Call for Papers: Reorienting the Sublime

McGill University
Department of Art History and Communication Studies
Graduate Student Symposium

Deadline for Submissions: December 29, 2023

“The sublime is something added that expands us, overstrains us, and causes us to be both here, as dejects, and there, as others and sparkling. A divergence, an impossible bounding. Everything missed, joy—fascination” — Julia Kristeva, Powers of Horror.

The Department of Art History and Communication Studies at McGill University is pleased to invite submissions for the Annual Graduate Symposium “Reorienting the Sublime,” to be held on Thursday, April 4 and Friday, April 5, 2024.

The sublime has held a steady yet complex position within the discourse of art history and visual culture, and encourages a consideration of its relationship to media and communication studies. Its perhaps best known form can be traced to Edmund Burke in the 18th century, who defined the sublime through a dual emotional quality of attraction and fear, which Immanuel Kant honed to describe a magnitude of unlimited feeling that humans are unable to possess. Jacques Lacan, who follows from a Freudian notion of the sublime as a positivised or aestheticised counterpart to the uncanny, also suggests that the “sublime object” points us towards that which has the power to de-realise and dematerialize, revealing the contradictions at the center of a law.

As such, the sublime has provided a rife affective terrain for artists to draw from that could elicit awe, power, and a certain delight in transgressing limitation. It has also offered a useful framework to think through the meanings and affects circulating new communication technologies, which are often simultaneously feared and viewed as opportunities for human transcendence. At the same time, the sublime has provided the means to bolster colonial understandings of “taming the unknown” and efforts to seek command of that which appears to be out of order. What can be said of the sublime as revelatory, a call to re-translate or re-visit the foundational systems of meaning which structure the world and our place in it? How might we position the sublime in relation to contemporary politics, culture, and technologies? In what ways do awe, terror, beauty, and overwhelm play into our current objects of research, and how might these aspects of sublimity reorient the objects and approaches within our fields of study?

Following this history of contestation, our symposium seeks to consider the state of the sublime today and how its discourse continues to take shape within the interdisciplinary realms of art history and communication studies. We invite papers from all periods of art history, communication studies, and related disciplines to consider these questions, as well as the following topics as prompts for further thought:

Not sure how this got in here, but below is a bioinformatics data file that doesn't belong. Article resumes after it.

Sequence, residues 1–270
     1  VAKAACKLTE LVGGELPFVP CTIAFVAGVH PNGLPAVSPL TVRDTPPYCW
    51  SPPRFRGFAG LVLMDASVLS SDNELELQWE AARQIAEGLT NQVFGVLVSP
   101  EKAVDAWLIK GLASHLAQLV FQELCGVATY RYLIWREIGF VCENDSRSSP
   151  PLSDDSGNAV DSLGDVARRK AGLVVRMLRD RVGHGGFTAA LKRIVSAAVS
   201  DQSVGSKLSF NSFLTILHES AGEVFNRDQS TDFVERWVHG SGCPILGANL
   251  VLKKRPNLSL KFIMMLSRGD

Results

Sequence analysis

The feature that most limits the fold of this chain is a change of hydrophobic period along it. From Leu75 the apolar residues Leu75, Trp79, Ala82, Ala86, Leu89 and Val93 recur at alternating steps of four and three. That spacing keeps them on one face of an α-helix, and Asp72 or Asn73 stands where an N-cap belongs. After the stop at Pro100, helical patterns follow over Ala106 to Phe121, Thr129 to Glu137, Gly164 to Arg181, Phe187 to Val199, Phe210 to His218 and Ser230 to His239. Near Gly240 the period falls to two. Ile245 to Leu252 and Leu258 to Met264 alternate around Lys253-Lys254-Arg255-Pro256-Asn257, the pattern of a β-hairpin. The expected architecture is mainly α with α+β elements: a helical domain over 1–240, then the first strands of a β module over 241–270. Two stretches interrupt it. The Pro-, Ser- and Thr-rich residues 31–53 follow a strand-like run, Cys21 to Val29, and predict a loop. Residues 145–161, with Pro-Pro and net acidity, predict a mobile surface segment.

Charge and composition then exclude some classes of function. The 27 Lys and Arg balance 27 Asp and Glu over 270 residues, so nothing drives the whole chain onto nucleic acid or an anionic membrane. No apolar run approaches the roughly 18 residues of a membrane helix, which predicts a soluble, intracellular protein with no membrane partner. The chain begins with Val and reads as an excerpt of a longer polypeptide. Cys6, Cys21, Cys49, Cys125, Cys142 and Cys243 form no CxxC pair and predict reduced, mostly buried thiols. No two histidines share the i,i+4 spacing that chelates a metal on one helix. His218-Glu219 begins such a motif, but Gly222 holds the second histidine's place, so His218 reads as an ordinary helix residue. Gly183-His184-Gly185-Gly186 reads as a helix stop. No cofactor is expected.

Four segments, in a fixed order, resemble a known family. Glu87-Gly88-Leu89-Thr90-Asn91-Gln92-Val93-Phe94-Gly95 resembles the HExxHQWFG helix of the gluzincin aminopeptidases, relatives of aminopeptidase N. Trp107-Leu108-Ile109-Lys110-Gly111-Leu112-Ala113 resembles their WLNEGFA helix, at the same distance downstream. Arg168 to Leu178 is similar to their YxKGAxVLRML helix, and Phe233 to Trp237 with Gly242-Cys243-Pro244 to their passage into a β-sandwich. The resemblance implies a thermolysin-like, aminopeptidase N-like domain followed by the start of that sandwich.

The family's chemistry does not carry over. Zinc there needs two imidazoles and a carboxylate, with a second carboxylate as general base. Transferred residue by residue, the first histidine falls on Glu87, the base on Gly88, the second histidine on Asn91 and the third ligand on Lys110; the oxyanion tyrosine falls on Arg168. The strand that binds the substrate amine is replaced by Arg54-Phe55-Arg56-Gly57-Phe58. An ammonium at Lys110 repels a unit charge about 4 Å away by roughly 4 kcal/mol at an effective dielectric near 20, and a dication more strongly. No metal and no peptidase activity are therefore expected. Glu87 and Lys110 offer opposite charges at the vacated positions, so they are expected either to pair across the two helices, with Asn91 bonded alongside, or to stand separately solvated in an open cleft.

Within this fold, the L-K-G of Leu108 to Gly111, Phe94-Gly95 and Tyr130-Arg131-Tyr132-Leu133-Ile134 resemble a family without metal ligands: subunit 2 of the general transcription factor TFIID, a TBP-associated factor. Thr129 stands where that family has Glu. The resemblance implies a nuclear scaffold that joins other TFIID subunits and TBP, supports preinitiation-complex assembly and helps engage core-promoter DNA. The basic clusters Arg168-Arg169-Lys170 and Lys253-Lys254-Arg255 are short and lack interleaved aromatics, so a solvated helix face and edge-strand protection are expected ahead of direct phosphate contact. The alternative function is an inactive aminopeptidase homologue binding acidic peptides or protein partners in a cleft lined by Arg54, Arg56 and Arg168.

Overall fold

• Beyond the worldly, transcendence, (dis)embodiment
  • Affect, desire, aversion, horror, tragedy
  • Consumption, glut, excess, control
  • Technological sublime
  • Hyperreality, capitalist/cyber/digital sublime
  • Landscape painting, romanticism, colonial origins and post-colonial critiques
  • Gestalt, Gesamtkunstwerk
  • Historical reconfigurations of Kant, Burke, Hegel, Lacan, etc.
  • Incomprehensibility, inspiration, confusion
  • The non-human, anthropocene, pre-linguistic
  • (Against) the uncanny, the beautiful, the harmonious

The Art History and Communication Studies Graduate Symposium committee invites proposals for fifteen-minute-long paper presentations. Current and recently graduated Masters, Doctoral, and Postdoctoral students from various Humanities fields whose research addresses this year’s theme are encouraged to apply. Applicants should submit an abstract of no more than 300 words with the title of the paper, along with a separate document that includes a 250-word bio, to by Friday, December 29, 2023. Please include your full name, affiliation, and contact information in your bio. A blind panel will be reviewing all submissions, so please ensure that your name and other identifying marks do not appear in the abstract document.

While we encourage in-person participation at the symposium, we will have limited spots for presentations over Zoom. If you would like to be considered for a virtual presentation, please indicate so in your abstract, in addition to any other accommodations or considerations you would like the committee to know of.

Sofia Di Gironimo, Marcus Prasad (Co-Chairs), and the AHCS Graduate Symposium Committee
McGill University | Montreal, Quebec


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